For the rip I tested or demoed a number of different rips including AccuRip, T-Rip, Film Maker, Ghostscript, iProof Imageset/Screenprint and StudioRip. Most all of these rips were designed for inkjet film making but all are capable of making inkjet plates if setup correctly. I choose StudioRip for its superior rip processing speed and dot quality. It was the most robust rip of all the ones I tested and it is designed for making plates and film for a variety of imaging devices including inkjet plates and film on Epson printers. My second choice was FilmMaker 4.0 by Cadlink but I passed on this one simply because it was noticeably slower at rip processing on the same Windows 10 computer as the StudioRip and I could see bottle necking issues there. With that said, FilmMaker was several hundred dollars less at $499 for the desktop edition which we tested a number of jobs including a four color process job at 150 lpi with surprisingly good results after we got a good calibration curve. StudioRip, however, seemed to be the better rip for the additional expense due largely to its server configuration, and the many available pre-press and platemaking tools & feature built into it. Some features like trapping, imposition and stochastic screening are add-ons but we are happy with 175 lpi AM dots and we trap in our native applications using the Adobe trapping feature and it serves us well.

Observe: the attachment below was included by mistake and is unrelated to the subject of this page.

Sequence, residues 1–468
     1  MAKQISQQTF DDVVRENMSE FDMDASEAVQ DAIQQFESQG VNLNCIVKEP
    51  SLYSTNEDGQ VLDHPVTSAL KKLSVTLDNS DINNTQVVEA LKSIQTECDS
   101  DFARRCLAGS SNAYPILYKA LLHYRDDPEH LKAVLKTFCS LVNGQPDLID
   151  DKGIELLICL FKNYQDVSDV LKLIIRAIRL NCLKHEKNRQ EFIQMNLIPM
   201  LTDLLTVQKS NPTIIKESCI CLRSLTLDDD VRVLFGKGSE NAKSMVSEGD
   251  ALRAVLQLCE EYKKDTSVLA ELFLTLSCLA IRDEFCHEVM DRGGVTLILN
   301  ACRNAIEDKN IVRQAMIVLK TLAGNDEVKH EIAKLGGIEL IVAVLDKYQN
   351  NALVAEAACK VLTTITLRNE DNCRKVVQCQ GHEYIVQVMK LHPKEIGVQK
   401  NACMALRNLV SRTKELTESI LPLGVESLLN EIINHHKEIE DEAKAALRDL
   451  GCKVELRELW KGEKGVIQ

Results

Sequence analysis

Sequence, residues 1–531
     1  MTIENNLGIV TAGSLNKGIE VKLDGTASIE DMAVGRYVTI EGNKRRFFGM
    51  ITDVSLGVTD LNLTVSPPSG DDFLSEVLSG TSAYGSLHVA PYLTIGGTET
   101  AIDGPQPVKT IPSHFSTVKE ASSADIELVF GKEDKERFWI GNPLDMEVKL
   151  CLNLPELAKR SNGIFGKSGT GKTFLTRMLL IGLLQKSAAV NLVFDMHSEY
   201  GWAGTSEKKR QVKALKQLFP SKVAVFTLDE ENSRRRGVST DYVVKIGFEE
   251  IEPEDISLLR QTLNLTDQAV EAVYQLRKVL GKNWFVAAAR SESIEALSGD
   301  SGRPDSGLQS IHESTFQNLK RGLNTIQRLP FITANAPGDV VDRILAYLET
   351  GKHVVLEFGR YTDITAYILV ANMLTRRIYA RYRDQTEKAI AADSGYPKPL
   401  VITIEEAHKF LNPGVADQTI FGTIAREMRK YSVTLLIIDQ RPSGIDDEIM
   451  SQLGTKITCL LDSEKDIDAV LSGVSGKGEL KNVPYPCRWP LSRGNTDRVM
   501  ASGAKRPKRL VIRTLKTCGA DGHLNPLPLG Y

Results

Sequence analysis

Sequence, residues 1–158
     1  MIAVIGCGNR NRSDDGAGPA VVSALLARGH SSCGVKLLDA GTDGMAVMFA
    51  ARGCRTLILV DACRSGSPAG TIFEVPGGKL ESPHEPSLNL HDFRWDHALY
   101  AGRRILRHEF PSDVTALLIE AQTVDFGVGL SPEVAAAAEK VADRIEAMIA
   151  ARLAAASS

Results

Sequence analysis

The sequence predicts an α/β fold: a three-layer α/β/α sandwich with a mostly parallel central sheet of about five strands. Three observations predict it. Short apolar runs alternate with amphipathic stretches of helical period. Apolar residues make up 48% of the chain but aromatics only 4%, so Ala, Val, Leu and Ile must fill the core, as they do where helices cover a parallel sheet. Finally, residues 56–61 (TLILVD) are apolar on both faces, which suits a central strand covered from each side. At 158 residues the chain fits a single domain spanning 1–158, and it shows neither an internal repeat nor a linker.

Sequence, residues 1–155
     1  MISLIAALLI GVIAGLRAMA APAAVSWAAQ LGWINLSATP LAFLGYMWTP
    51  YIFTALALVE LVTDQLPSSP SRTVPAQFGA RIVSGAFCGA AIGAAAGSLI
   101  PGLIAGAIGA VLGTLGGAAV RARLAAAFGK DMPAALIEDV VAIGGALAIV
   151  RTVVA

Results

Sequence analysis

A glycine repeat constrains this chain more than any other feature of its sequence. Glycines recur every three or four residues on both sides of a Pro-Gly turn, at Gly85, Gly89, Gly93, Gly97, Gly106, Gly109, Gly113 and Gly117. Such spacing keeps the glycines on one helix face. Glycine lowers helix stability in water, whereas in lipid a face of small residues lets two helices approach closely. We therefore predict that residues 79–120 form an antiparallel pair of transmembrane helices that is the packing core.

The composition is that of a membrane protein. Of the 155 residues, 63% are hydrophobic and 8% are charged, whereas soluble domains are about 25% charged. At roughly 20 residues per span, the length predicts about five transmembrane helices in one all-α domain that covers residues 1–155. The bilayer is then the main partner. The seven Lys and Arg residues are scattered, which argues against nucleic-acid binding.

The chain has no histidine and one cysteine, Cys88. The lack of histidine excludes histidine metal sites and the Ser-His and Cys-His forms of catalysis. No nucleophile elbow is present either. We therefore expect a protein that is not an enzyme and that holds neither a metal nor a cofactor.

So we ordered the private labeled brand polyester plates (made by TechNova) from an online dealer. From what I have found these plates are sold under at least two private label brands, maybe more. There are other brands of plates (both metal and polyester) available and some require post processing, UV exposure, baking or a combination of. Our choice of plates seem to be performing well now but it did take some time to get used to how to handle them. We had some issues with ink on the press not adhering to the image on the plate but those issues seems to have gone away. From what we can tell with our own experience and consulting with our plate dealer, these plates need to thoroughly dry before going to press and the dealer recommend pre-wetting them. We initially used a laminator type curing unit for post baking and the plates came out at around 190 degrees Fahrenheit surface temperature but was only at that temperature for a few seconds as it passed through the unit. If you only need a few thousand impressions you can skip the post bake but let the plate sit for at least 15 minutes to thoroughly dry after imaging to make sure the resins in the inkjet ink dry so it will be ink receptive on press. We have since started drying our plates in an oven at 110 degrees Celcius (230 Fahrenheit) for 2 minutes per the manufacturer's plate spec sheet and the plates are now preforming excellent on press.